Microbial populations were analyzed from the standpoint of diversity, populations present, as well as their possible functional roles within the GIT. During and after psyllium supplementation, fecal archaea and bacteria were present in abundances similar to most adult horses [7, 20, 28]. In considering Faith’s Phylogenetic Diversity, the samples with the richest diversity were those collected during mid-supplementation on Day 7. Greater diversity has been positively correlated with a healthy horse GIT; our findings suggest that prophylactic psyllium was beneficial for improving microbial diversity [29, 30]. However, there were no dramatic detectable changes in abundances of microbial populations. Even statistically significant changes in microbial abundances by LEfSe were relatively small with slight reductions in Burkholderiaceae. Slight increases were seen in Fibrobacteraceae and Paraprevotellaceae in yearlings, which contain essential cellulose-degrading bacteria and bacteria found in the GIT of pasture forage-fed horses, respectively [31, 32]. In adults, there was a slight reduction in methanogenic archaea Methanocorpusculaceae but slight increases in methanogenic bacteria Methanobacteriaceae, which captures hydrogen and improves fermentation efficiency, and bacterial Moraxellaceae commonly found in younger horses and foals [20, 3033]. Increased mycothiol biosynthesis activity in the GIT was demonstrated during psyllium supplementation. Mycothiol is a protective antioxidant produced by bacteria in the Phylum Actinobacteria [34]. Moreover, an upturn in urea cycle activity is indicative of increased urea utilization by gut bacteria as a nitrogen source during psyllium supplementation [35]. Finally, catechol degradation pathways were elevated in GIT bacteria at the time of supplementation because psyllium is catechol rich. Furthermore, four days after the last dose of psyllium at Day 14 there was a spike in bacteria from the phyla Proteobacteria and a drop in bacteria from the phyla Firmicutes; these changes could indicate that after psyllium was no longer present in the GIT, bacterial populations readjusted to gut environment changes. These findings demonstrate that microbial populations were adapting to the psyllium supplied within the GIT. Thus, there is utility to further characterization of the effects of psyllium supplementation on sand excretion and promoting GIT health in horses, particularly at higher levels of supplementation either for prophylaxis or treatment of sand colic [13, 15].

Limitations

This study does have several limitations. A small number of horses were included (n = 2 groups × 6 horses). Moreover, follow-up studies would benefit from wider representation of various ages of horses. Additionally, more psyllium dosages could have been considered beyond the one manufacturer-recommended prophylactic dose. Furthermore, sand intake was not measured or estimated for the horses during the study, and complete GIT sand quantities excreted were not measured but instead concentrations of ADF and silica in the feces. Thus, total quantities of silica excreted with psyllium supplementation cannot be provided from our measurements. Moreover, the yearlings and mares had differing diets contributing to differences between the forage fiber characteristics in the groups—likely impacting fermentation, the microbial community, and overall gut motility comparisons between yearling and adult groups. We also did not account for breed or sex differences in our analyses. Additionally, we only evaluated microbial populations using 16S amplicon sequencing and did not carry out a metagenomic study which would have had better resolution, thus allowing for distinctions to be found only down to the family level.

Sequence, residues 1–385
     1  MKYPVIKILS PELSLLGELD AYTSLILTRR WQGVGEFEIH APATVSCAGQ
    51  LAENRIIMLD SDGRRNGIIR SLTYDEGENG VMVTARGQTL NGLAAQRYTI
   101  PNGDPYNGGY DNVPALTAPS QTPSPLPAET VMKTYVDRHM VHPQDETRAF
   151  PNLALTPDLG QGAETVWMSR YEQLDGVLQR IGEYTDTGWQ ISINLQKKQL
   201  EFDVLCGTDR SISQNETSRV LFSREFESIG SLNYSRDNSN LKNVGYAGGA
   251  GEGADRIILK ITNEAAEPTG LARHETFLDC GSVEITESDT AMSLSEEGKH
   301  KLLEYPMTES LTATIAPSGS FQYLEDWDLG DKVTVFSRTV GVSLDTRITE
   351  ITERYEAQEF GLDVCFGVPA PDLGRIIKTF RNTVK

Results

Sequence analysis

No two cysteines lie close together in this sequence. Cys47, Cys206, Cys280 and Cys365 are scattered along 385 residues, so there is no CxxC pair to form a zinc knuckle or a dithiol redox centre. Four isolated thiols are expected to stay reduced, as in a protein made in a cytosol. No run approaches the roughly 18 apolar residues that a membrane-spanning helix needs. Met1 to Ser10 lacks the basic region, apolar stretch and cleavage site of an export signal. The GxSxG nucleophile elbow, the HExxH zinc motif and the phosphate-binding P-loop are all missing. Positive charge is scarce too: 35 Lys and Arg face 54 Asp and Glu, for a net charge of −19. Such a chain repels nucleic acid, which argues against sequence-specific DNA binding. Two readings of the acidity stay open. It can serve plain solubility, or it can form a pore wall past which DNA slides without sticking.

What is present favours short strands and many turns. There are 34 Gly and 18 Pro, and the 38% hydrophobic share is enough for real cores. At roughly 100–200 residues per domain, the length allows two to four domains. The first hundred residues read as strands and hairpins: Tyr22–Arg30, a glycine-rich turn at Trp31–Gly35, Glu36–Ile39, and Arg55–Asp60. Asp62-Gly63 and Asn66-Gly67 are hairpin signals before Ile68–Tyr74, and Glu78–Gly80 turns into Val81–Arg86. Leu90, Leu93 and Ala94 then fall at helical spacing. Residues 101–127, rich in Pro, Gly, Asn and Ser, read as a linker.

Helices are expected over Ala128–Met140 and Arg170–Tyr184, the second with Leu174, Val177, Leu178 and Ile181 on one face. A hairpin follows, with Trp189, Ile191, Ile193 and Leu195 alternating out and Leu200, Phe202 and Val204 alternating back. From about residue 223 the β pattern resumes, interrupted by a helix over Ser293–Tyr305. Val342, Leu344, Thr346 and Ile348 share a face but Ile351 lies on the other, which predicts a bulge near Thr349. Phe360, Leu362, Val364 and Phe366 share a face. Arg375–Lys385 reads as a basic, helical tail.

Availability of data and materials

Data will be available at Sequence Read Archive (SRA): Bio Project PRJNA649589.

Abbreviations

GIT:

Gastrointestinal tract

ADF:

Acid detergent fiber

ADIA:

Acid detergent insoluble ash

SRA:

Sequence Read Archive

QIIME2:

Quantitative Insights Into Microbial Ecology

LEfSe:

Linear Discriminant Analysis Effect Size tool

PICRUSt:

Phylogenetic Investigation of Communities by Reconstruction of Unobserved States software

ASVs:

Amplification sequence variants

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Acknowledgments

The authors appreciate the animal handling and feeding guidance of Ms. Kelli Davis, manager of the University of California Davis Horse Barn.

Funding

This study was supported by a grant from the UC Davis Center for Equine Health and funds provided by the UC Davis College of Agriculture & Environmental Sciences and the Agriculture Experiment Station at UC Davis. This is a project within the USDA NRSP8 Multi-State Research Group.

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Authors

Contributions

AB, MJM, and EJP were responsible for conceptualization and hypotheses. Feeding trial and sample collections were conducted by AB, TNB, NM, and MJM. Microbial DNA isolation was performed by JDH, AB, TNB, and NM. Fecal nutritional analyses was performed by AB and JDH. Data analysis was performed by MJM and AB in consultation with EJP and EAM. MJM and EAM were responsible for funding acquisition. Manuscript was written by MJM and AB. All authors contributed to edits and revisions. All authors read and approved the final manuscript.

Corresponding author

Correspondence to Michael J. Mienaltowski.

Ethics declarations

Ethics approval and consent to participate

Horses belonged to the University of California Davis Horse Barn in the Department of Animal Science. Horses were fed psyllium and voluntarily voided fecal samples were collected all in accordance with an animal care protocol (#20380) approved by the University of California Davis IACUC.

Consent for publication

All authors consent to publication of the study.

Competing interests

The authors have no competing interests.

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Supplementary information

Additional file 1: Table S1.

Details on horses from the study. Table S2. Yearling LEfSe Findings. Table S3. Adult LEfSe findings. Figure S1. Microbial DNA next-generation sequencing data analysis methodology. Figure S2. Analyses of diversity.

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Mienaltowski, M.J., Belt, A., Henderson, J.D. et al. Psyllium supplementation is associated with changes in the fecal microbiota of horses. BMC Res Notes 13, 459 (2020). https://doi.org/10.1186/s13104-020-05305-w

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Keywords

  • Psyllium
  • Silica
  • Fecal microbiota
  • Acid detergent fiber
  • Acid detergent insoluble ash
  • Equine